What is the safest way to aid a frail senior using a walker?

3 answers | Last updated: Oct 18, 2016
Mazuela asked...

What is the safest way to aid a frail senior using a walker?


Expert Answers

Bonita Lynn Beattie is the vice president for injury prevention for the Center for Healthy Aging, part of the National Council on Aging (NCOA). She directs the NCOA's Falls Free Initiative, which is developing and implementing a national action plan to prevent falls and fall-related injuries in older adults.

Thank you for your request seeking information to aid a frail senior who is using a walker. You are right to be concerned. While walkers seem to be simple assistive devices, between 2001 and 2006, over 47,000 Senior Citizens per year were treated in emergency rooms because of falls associated with walkers and canes, according to a Centers for Disease Control and Prevention study published in the June 2009 http://www.cdc.gov/media/pressrel/2009/r090629.htm

First and foremost, walkers (and/or canes) should be fitted to the individual with appropriate instruction and practice in its use. Most the injuries are due to inappropriate fit, lack of instruction and practice in the safe use, and/or using an inappropriate device to accommodate the need. Seniors should not borrow a walkers (or canes) from a friend or family member, that was not selected specifically for them, adjusted to the right height or size, or for which they were not instructed in the use. Usually the provider most knowledgeable in the fitting and use of walker is a physical therapist who will be happy to provide you with appropriate training as well.

The Mayo Clinic offers some slide presentations on the correct selection, fitting and use of a walker and can be found at http://www.mayoclinic.com/health/walker/HA00060. There is a series of slides on balance exercises and fall prevention on the same site.

But to your specific question on how a caregiver should aid a senior using a walker:

  • As a general rule the use of a gait belt is recommended so that you can assist with some trunk control if necessary without pulling on the arm or grabbing clothing. You can also gently cup the upper shoulder if necessary to provide even additional balance assist.
  • Place your hand under the belt from the bottom so that you have better control if necessary.
  • Although there are exceptions it's good practice to walk to the person's weaker side.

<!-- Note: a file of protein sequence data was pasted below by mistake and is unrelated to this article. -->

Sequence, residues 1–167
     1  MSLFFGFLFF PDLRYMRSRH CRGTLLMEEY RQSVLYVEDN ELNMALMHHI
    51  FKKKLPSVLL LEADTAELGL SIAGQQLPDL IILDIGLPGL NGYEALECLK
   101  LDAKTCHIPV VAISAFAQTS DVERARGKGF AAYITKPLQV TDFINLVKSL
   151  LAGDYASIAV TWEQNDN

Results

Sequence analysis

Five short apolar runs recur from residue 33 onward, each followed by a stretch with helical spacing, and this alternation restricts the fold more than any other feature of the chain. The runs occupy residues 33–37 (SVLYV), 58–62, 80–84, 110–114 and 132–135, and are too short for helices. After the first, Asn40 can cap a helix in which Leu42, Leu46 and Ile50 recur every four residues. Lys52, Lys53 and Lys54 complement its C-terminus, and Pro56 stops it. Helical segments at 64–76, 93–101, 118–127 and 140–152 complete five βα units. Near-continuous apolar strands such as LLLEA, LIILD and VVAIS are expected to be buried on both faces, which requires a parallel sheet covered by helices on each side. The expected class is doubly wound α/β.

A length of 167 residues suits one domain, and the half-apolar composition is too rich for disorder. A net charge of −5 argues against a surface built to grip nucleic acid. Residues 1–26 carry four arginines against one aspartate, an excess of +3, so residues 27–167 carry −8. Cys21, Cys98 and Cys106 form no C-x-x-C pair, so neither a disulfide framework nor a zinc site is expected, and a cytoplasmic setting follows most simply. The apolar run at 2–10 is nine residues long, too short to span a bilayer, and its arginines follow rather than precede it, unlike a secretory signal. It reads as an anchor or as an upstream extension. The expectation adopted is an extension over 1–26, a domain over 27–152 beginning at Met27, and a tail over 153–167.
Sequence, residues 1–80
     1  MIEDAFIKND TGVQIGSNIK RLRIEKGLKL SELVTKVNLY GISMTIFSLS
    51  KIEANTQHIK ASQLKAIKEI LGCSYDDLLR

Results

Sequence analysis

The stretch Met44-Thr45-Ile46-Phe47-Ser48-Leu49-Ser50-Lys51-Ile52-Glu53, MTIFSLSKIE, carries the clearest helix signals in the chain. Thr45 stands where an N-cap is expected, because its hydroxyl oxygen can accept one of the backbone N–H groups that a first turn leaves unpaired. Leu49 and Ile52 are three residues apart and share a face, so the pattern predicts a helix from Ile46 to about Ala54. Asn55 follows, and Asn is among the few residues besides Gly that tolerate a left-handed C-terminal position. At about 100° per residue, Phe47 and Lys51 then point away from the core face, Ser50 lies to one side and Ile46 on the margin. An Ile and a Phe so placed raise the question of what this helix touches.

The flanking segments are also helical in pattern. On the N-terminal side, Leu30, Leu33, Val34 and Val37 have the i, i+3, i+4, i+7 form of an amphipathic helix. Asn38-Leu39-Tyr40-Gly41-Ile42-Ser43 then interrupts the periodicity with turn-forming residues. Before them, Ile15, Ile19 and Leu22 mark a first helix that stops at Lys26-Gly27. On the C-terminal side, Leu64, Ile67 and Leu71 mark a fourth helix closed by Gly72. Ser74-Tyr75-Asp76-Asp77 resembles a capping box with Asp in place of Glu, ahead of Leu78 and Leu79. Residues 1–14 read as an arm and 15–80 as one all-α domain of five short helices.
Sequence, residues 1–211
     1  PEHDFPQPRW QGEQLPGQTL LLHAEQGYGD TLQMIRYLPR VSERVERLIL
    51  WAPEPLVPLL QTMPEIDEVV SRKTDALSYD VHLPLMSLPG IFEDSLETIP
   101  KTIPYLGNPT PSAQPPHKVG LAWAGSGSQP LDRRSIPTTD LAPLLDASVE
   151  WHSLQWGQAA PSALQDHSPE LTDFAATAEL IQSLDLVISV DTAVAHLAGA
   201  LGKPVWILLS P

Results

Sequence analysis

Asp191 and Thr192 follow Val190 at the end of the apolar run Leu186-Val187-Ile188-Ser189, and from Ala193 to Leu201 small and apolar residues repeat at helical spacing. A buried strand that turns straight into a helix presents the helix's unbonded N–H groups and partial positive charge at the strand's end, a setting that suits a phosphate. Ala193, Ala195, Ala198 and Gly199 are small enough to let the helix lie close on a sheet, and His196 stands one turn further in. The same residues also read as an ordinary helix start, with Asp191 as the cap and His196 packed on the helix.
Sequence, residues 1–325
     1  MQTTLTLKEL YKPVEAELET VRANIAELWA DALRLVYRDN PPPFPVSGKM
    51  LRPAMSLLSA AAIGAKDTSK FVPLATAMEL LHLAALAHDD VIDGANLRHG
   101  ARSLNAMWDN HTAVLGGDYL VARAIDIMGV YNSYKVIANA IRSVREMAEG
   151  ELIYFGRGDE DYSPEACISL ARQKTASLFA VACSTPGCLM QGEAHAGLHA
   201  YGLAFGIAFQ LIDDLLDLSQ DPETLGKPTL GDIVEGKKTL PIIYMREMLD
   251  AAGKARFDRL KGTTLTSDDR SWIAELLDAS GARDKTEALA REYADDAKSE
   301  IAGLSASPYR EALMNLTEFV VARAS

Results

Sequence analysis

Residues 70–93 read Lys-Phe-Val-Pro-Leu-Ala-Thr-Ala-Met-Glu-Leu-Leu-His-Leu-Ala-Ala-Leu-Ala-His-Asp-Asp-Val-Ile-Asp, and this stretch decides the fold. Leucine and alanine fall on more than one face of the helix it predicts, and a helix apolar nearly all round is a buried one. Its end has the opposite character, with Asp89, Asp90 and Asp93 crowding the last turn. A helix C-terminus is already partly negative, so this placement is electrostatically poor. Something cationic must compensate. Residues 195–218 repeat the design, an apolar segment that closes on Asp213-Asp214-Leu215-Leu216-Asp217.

• Walk slightly behind the person while holding onto the gait belt from behind and offer assistance only as needed.

But do note, you should not be lifting or half carrying the older adult as he/she walks...if so, this a walker is not a safe device for either of you.

Other tips for the caregiver awareness include:

  • Older adults should not pull on the walker to get up from a couch or chair. Nor should the caregiver pull on the older adult. To arise, the older adult should slide forward in the seat with the feet planted firmly on the floor and push up, or use the chair arms as necessary. An assist from the gait belt could be offered as necessary. The walker should be placed directly in front of the older adult for use upon arising, only after their balance is reestablished.

  • When using a walker and deciding to sit in a chair, the older adult should back into the chair feeling the chair edge just touching the back of the legs, let go of one arm of the walker and reach back for the chair arm. Then take the second chair arm and gently sit down. Obviously firm chairs with arms are helpful in such transfers.

  • Older Adults should not move their walkers too far ahead, which causes strain to reach it and may disturb balance. Nor should a user over step the walker, feet should never be forward of the center of the walker.

  • Users should periodically check the rubber tips at the bottom of the cane or walker. Be sure to replace them if they are uneven or worn through which can also affect stability of the walker.

  • Older adults should wear shoes or slippers that fit well and have nonslip soles, and should lift the feet not shuffle to reduce her risk of tripping.

Additional fall prevention information and home safety tips are available through the CDC at http://www.cdc.gov/HomeandRecreationalSafety/Falls/fallsmaterial.html


Community Answers

Gnhawaii answered...

Nothing additonal is required. Lynn hit it right on the head. It is not rocket science. Always get fitted, always follow her guidelines. So many falls occur when seniors get in a hurry to stand up or move...before they have settled. Tiny hint...take a slow deep breath after standing behind your walker or cane....BEFORE you try to move. Thanks Lynn...for the great advice..


Gadjett answered...

Just doesn't work when the Senior already has Alzheimer's and doesn't remember any instructions from day to day. It's even hard to convince her/him of even the need for it!